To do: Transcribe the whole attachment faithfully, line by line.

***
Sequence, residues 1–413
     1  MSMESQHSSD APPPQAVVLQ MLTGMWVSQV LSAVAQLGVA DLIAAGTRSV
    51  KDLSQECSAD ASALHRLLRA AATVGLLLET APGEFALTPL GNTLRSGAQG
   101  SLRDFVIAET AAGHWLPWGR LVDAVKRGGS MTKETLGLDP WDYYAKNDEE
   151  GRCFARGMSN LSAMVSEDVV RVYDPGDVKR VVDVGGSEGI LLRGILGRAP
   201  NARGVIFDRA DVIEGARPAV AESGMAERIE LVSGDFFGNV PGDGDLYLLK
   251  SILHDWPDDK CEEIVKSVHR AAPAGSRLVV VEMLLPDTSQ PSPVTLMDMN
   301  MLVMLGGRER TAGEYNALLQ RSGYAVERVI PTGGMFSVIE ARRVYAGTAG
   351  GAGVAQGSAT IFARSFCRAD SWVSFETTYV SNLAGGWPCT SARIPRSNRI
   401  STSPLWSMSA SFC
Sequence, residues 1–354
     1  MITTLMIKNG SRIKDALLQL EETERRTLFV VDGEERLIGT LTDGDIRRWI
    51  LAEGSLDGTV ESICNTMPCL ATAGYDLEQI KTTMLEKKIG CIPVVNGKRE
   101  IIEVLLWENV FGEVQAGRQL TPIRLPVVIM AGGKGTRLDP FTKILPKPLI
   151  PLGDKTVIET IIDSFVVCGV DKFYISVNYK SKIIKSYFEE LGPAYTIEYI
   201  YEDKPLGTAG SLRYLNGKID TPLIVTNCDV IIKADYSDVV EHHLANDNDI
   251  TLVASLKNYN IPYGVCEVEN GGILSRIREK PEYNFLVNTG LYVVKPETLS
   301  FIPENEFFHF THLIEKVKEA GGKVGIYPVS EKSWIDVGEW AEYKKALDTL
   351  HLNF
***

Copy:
Sequence, residues 1–413
     1  MSMESQHSSD APPPQAVVLQ MLTGMWVSQV LSAVAQLGVA DLIAAGTRSV
    51  KDLSQECSAD ASALHRLLRA AATVGLLLET APGEFALTPL GNTLRSGAQG
   101  SLRDFVIAET AAGHWLPWGR LVDAVKRGGS MTKETLGLDP WDYYAKNDEE
   151  GRCFARGMSN LSAMVSEDVV RVYDPGDVKR VVDVGGSEGI LLRGILGRAP
   201  NARGVIFDRA DVIEGARPAV AESGMAERIE LVSGDFFGNV PGDGDLYLLK
   251  SILHDWPDDK CEEIVKSVHR AAPAGSRLVV VEMLLPDTSQ PSPVTLMDMN
   301  MLVMLGGRER TAGEYNALLQ RSGYAVERVI PTGGMFSVIE ARRVYAGTAG
   351  GAGVAQGSAT IFARSFCRAD SWVSFETTYV SNLAGGWPCT SARIPRSNRI
   401  STSPLWSMSA SFC
Sequence, residues 1–354
     1  MITTLMIKNG SRIKDALLQL EETERRTLFV VDGEERLIGT LTDGDIRRWI
    51  LAEGSLDGTV ESICNTMPCL ATAGYDLEQI KTTMLEKKIG CIPVVNGKRE
   101  IIEVLLWENV FGEVQAGRQL TPIRLPVVIM AGGKGTRLDP FTKILPKPLI
   151  PLGDKTVIET IIDSFVVCGV DKFYISVNYK SKIIKSYFEE LGPAYTIEYI
   201  YEDKPLGTAG SLRYLNGKID TPLIVTNCDV IIKADYSDVV EHHLANDNDI
   251  TLVASLKNYN IPYGVCEVEN GGILSRIREK PEYNFLVNTG LYVVKPETLS
   301  FIPENEFFHF THLIEKVKEA GGKVGIYPVS EKSWIDVGEW AEYKKALDTL
   351  HLNF